Peripheral neuropathy, a common complication of diabetes, may also adversely affect joints and increase the risk of advanced, aggressive forms of osteoarthritis. Recent research by Shakoor et al.[7] looks specifically at this association, and describes a clear link between knee osteoarthritis and diminished lower extremity vibratory perception thresholds.

Diabetes may also affect the outcomes of therapy in osteoarthritis. Recent work by Meding et al.[8] examined the effect of diabetes on outcomes of total knee replacement (TKR) surgery. They noted a propensity for diabetic patients to have more severe pain and radiographic changes both preoperatively and postoperatively, an increased risk of deep tissue infection as well as an increased revision rate compared with nondiabetic controls. Insulin-dependent diabetic patients, in particular, had worse functional outcomes postoperatively, and were noted to comprise the majority of those patients who developed deep tissue infections.

Diabetes may also affect the risks of common pharmacologic therapies used for osteoarthritis. Recent work by Pham et al.[9] suggests that insulin resistance worsens when therapeutic doses of oral glucosamine are used to treat osteoarthritis. Several other studies[10,11] have suggested otherwise, including a recent one by Muniyappa et al.[12] that found no relationship between oral glucosamine and worsened insulin resistance. Further studies need to be done before clear recommendations regarding glucosamine use in diabetic patients can be made.

Rheumatoid Arthritis

Although diabetes is not recognized as an independent risk factor for the development of rheumatoid arthritis (RA), many patients suffer from both conditions. As a result, much thought has been given to the possibility of unique sensitivity of diabetic patients to the side effects of standard pharmacologic RA therapy. Two recent studies investigate the safety profiles of medical therapies widely used in the treatment of RA. The first, by Martin et al.,[13] examines the problem of peripheral neuropathy associated with leflunomide use. Generally thought to be a rare side effect of leflunomide, peripheral neuropathy was noted to occur more frequently in diabetic patients. It was also noted to be increased in older patients and those who were taking other potentially neurotoxic medications. Weisman et al.[14] rigorously examined the side effects of etanercept in patients with RA and concomitant diseases including diabetes. Their primary endpoint was the incidence of medically important infections (MIIs) resulting in hospitalization or treatment with intravenous antibiotics. Employing a placebo-controlled, randomized, double-blinded approach, the authors failed to note any etanercept-related increase in the incidence of MIIs in diabetic patients.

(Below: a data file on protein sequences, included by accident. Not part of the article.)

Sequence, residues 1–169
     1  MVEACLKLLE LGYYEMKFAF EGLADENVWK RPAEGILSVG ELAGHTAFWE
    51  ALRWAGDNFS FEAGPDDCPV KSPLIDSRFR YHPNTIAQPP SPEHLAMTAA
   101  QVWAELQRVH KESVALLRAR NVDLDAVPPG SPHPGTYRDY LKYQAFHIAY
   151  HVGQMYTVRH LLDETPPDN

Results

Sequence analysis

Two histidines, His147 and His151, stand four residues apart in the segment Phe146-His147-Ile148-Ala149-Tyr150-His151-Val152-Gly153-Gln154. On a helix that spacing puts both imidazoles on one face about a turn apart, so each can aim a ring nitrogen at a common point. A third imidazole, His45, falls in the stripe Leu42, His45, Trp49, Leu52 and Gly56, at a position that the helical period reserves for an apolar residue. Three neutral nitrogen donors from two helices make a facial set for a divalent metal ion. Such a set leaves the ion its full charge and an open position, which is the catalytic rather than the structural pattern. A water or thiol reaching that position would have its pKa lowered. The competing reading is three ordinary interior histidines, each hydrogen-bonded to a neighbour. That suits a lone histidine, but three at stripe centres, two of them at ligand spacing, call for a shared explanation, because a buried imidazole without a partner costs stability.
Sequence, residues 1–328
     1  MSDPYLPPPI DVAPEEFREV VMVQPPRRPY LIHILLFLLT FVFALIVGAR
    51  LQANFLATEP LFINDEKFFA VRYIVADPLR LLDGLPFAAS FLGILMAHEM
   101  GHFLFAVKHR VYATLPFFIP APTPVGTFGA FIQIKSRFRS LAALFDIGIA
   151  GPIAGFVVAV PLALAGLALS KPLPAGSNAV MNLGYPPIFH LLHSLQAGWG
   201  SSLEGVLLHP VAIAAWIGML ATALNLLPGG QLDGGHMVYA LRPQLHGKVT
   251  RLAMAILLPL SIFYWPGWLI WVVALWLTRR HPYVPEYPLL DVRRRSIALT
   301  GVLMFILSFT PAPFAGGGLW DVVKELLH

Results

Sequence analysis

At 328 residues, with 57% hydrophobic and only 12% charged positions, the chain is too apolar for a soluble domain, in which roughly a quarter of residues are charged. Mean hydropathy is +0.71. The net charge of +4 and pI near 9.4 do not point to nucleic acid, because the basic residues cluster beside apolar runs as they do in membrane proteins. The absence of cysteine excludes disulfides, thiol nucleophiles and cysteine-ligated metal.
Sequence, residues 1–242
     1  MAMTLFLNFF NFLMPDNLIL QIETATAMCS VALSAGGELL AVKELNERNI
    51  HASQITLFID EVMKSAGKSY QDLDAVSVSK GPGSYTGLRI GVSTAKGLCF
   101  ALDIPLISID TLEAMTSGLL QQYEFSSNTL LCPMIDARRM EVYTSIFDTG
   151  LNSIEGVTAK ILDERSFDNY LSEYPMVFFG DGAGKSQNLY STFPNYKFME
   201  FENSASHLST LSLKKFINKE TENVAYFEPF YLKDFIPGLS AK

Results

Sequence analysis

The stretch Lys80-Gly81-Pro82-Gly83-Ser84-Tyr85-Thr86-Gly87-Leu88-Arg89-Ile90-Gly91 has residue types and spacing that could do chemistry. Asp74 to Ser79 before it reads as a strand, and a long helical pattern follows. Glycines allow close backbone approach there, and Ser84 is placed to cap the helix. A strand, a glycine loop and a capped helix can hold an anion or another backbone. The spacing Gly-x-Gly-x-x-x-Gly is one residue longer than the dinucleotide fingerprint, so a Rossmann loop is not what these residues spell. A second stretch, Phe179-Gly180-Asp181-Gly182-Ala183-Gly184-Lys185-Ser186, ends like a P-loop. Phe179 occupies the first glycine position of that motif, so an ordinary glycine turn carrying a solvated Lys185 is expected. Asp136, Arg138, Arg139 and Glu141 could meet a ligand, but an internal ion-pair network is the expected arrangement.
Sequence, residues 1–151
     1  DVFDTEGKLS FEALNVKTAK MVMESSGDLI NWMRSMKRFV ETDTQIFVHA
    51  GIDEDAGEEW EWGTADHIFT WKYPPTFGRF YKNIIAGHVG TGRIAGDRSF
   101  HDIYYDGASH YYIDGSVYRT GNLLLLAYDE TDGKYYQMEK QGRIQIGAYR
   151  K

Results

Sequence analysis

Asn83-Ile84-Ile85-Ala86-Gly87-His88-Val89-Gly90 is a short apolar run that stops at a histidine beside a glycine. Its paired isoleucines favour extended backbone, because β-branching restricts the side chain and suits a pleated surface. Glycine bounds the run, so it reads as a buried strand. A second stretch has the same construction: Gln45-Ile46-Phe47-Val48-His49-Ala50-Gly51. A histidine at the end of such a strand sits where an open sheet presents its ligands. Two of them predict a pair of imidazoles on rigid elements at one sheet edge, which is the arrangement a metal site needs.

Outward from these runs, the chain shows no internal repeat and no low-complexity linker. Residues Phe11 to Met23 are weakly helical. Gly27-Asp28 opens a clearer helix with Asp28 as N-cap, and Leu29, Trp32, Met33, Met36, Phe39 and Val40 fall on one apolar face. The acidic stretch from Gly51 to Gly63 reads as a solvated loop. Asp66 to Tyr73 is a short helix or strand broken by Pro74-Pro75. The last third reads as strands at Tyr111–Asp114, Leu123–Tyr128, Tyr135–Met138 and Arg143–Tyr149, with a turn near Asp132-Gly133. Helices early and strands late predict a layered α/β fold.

Carpal Tunnel Syndrome

Carpal Tunnel Syndrome (CTS) is a common compression neuropathy of the median nerve associated with many conditions including diabetes. A role for diabetes in the development or severity of CTS has been proposed. Diabetes may induce structural alterations of tendon, increase obesity, and produce metabolic abnormalities that result in proliferation or fibrosis of the connective tissues surrounding the nerve.